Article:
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Survivorship bias: when failure gets forgotten

https://nesslabs.com/survivorship-bias

nesslabs.com

Survivorship bias: when failure gets forgotten
Survivorship bias is a common bias that leads to false conclusions by focusing on the elements that made it past a selection process, and overlooking the ones that did not.

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The Survivorship Bias

The Survivorship Bias

We tend to be interested in the success stories of many. We love the encouragement it provides us, but we often overlook the fact that most of these success stories have undergone through many failures.

Survivorship bias is when we concentrate on the people and the things that passed through a selection process and experienced a form of success. This process tends to overlook those who did not make it through and almost always leads to false conclusions.

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The effects of survivorship bias

When we ignore the logical error of the stories and advice we hear it deceives us into believing that past failures are not adequate enough to be considered.

This bias induces people to see correlation in sheer coincidences.

A great example is when the U.S. Military tried to reduce aircraft casualties back in WWII. They analyzed the planes that got back safely but never the ones that didn't. They concluded that they should increase armor in the wings and the tails of the planes, but not the engine.

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Survivorship bias in business

We must remember that most people do not become rich and famous. Most leaps of faiths are miscalculated. This does not mean that we should stop trying, instead we should remain to have a realistic understanding of reality.

Most entrepreneurs don't actually know what they're doing. There isn't a lot of them who have a detailed or a perfected plan to follow. Still, we try to "copy" their ways so that we can probably achieve what they have achieved.

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Avoiding survivorship bias

Most of the inspirational success stories we see give out advice like waking up at 5 AM in the morning or eating a well-balanced meal. Those are important, but we should not overlook those who were unsuccessful.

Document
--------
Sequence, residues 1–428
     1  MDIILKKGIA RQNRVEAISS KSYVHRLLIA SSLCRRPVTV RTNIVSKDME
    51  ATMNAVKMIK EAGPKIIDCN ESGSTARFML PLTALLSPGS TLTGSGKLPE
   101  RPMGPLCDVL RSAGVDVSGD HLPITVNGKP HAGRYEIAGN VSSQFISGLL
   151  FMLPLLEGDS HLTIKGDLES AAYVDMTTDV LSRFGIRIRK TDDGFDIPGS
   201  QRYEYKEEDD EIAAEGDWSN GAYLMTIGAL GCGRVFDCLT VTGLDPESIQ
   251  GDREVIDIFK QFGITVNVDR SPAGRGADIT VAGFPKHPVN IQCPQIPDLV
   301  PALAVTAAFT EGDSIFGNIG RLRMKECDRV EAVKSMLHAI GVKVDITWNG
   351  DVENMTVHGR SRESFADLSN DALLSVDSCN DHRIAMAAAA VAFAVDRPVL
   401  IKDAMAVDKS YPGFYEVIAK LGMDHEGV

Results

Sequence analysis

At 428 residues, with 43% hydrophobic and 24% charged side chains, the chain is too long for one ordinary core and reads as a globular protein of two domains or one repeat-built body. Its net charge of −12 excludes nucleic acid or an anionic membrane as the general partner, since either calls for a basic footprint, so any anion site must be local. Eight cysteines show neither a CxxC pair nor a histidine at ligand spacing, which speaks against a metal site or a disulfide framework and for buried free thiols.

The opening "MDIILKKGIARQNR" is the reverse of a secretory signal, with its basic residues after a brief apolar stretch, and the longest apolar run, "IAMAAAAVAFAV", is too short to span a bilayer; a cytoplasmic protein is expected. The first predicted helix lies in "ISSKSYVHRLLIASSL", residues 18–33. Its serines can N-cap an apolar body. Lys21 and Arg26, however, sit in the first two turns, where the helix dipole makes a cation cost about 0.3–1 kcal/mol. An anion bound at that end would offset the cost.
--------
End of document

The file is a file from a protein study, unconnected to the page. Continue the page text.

We should learn from their mistakes and be careful not to repeat it for ourselves. We need to find our own recipe for success. Lastly, we need to consider the role of luck in our lives because it is rare to stumble upon something valuable to increase our chances of success.

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SIMILAR ARTICLES & IDEAS:

Survivorship Bias

Survivorship bias is a logical error that twists our understanding of the world and leads to a wrong understanding of cause and effect.

We fall into survivorship bias when we assume that suc...

Against the Odds

When we only pay attention to the exception above the normal, we end up misunderstanding reality. While there is much to learn from the anomalies, it would be a mistake to expect the same results from doing the same things. 

Cause and Effect

Survivorship bias leads us to think that coincidence is a correlation. We want the encouragement from survivorship bias so we can believe in our own capabilities, but it results in an inflated idea of how people become successful.

The fact is that success is never guaranteed. It does not mean that we shouldn't try, just that we should have a realistic understanding.

Survivorship bias refers to our tendency to focus on the winners while completely forgetting about the losers who are employing the same strategy.


Loss aversion refers to our tendency to strongly prefer avoiding losses over acquiring gains.

Loss aversion refers to our tendency to strongly prefer avoiding losses over acquiring gains.

Availability Heuristic appears when we assume that the examples coming to mind easily are the most prevalent.

Availability Heuristic appears when we assume that the examples coming to mind easily are the most prevalent.

Cognitive Bias

Cognitive Bias

Cognitive Bias is a predictable pattern of mental errors where we misperceive reality and move away from the most likely way of reaching our goals.

These mental blind spots...

Unconscious Bias

Unconscious bias refers to unconscious forms of discrimination and stereotyping. Unconscious bias often leads to discrimination, be it deliberate or unintentional.

Unconscious bias is different from cognitive biases. Cognitive biases relate to our brains' particular wiring, while unconscious bias refers to perceptions between different groups and are specific to different societies.

How to Reduce Unconscious Bias

  • Recognise that the unconscious bias is a systemic issue. Internal cultures need to be checked and addressed first.
  • There is no shame or guilt in unconscious bias. Unconscious bias stems from our tendency to categorise people into social groups and often doesn't match our conscious values.
  • It takes a series of conversations and interventions to prevent and protect against unconscious bias.